For the second time this month, Bumble is taking a strong, public stance on an issue. Open The New York Times or Dallas Morning News today, and you'll find a full-page ad from the company with the heading: "Bumble Swipes Left On Match Group/Tinder Allegations."
The ad, written in the form of a letter, addresses a patent infringement lawsuit filed on Friday, March 16, by Match Group, the parent company of Tinder, Match, PlentyOfFish, and OkCupid. The lawsuit, Match Group v Bumble, claims that Bumble "sought to mimic Tinder's functionality and general look-and-feel."
"We are committed to protecting the intellectual property and proprietary data that defines our business," Match Group said in a statement. "Accordingly, we are prepared when necessary to enforce our patents and other intellectual property rights against any operator in the dating space who infringes upon those rights."
But early media coverage has suggested there may be an alternative motive at the heart of the lawsuit. In August 2017, Forbes reported that Bumble had turned down a $450 million buyout offer from Match Group. Today's Bumble ad implicates Match Group's desire to purchase the company as the primary reason for the lawsuit: "We swipe left on you. We swipe left on your multiple attempts to buy us, copy us, and now, to intimidate us. We'll never be yours. No matter the price tag, we'll never compromise our values."
"This was not our only option and we’re very excited about the other prospects at hand."
Whitney Wolfe Herd, Bumble Founder and CEO
At a time when companies are being encouraged to take public stances about their values, Bumble stands out one that has been doing just that from the beginning. This makes it an attractive acquisition — and Whitney Wolfe Herd, the founder and CEO of Bumble, hints that Bumble is considering other offers.
"We’re very excited about other opportunities," Wolfe Herd told Refinery29 in advance of today's ad. "We are in talks with several other, very interesting prospects for a potential change of control. I would stay on and take this to the next level whatever that looks like, potentially an IPO, whatever the best future is for us. This was not our only option and we’re very excited about the other prospects at hand."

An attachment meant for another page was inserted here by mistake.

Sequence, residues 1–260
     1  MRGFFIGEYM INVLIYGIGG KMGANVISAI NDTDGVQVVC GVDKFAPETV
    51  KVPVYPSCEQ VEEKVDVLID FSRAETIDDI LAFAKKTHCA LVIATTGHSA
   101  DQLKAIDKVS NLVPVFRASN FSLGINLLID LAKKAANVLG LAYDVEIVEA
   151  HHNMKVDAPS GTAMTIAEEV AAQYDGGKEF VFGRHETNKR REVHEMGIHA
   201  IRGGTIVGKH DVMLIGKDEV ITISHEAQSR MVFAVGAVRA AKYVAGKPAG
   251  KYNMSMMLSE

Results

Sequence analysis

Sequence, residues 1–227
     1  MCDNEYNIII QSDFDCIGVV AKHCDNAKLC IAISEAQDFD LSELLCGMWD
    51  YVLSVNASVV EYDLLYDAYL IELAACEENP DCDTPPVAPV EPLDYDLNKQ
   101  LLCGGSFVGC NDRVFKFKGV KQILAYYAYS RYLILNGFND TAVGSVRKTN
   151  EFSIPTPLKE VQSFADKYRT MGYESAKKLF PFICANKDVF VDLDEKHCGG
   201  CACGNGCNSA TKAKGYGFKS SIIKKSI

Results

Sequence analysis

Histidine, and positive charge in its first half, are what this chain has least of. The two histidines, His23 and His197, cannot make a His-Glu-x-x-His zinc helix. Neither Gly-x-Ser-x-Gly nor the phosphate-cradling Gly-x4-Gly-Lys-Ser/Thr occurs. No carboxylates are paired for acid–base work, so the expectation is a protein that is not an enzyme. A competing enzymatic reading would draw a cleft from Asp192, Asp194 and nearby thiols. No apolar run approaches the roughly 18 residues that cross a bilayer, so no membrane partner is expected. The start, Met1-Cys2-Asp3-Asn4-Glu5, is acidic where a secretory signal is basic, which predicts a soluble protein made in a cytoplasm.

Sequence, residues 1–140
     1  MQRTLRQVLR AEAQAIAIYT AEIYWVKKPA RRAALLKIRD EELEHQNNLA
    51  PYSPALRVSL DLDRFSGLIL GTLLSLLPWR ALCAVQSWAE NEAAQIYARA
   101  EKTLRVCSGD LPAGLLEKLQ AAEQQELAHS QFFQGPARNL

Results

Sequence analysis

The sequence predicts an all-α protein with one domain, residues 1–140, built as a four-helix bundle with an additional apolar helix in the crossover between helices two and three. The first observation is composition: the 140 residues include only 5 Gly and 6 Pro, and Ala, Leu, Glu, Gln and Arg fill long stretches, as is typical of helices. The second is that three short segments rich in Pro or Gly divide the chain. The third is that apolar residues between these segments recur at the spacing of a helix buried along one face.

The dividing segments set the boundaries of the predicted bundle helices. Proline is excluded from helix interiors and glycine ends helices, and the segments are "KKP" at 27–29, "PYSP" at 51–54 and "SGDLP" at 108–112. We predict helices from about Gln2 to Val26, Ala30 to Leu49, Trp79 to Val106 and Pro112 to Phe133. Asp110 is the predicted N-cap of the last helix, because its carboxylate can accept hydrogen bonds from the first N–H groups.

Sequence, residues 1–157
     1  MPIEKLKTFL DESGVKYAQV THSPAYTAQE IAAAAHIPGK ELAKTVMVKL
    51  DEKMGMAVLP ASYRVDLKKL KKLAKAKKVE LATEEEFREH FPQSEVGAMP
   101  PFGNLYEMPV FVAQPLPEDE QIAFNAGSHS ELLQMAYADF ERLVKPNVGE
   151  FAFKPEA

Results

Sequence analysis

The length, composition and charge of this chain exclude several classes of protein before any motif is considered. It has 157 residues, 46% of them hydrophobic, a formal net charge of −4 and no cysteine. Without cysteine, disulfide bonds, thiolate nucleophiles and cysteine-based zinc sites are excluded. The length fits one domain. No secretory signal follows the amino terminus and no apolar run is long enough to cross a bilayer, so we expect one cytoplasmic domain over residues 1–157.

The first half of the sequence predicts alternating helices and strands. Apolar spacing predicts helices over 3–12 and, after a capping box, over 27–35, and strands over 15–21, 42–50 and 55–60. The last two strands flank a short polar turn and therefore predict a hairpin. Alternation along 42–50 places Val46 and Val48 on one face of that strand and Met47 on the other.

Wolfe Herd was a Tinder co-founder. She filed a sexual harassment lawsuit against the company in June 2014, which was settled for a reported $1 million later that year. Some of the language used in today's ad echoes Bumble's letters to disrespectful, misogynistic users on the app (2016's "Open Letter To Connor" set a new standard in the dating app world). The company, which often speaks of the importance of protecting and standing up for its users, reiterates that intention.
"I want our users to know that Bumble will always stand up for them," Wolfe Herd told Refinery29. "We will always place value and positivity and equality and respect above anything, whether that be a business matter or a product matter or a cultural matter. Values come above bottom line."
Bumble, which has expanded beyond its core dating service to offer friend-making and networking components, has been a strong advocate for women since it was founded in December 2014 with the tagline "make the first move." A few weeks ago, the company took a more political stance when it decided to ban photos of users with guns.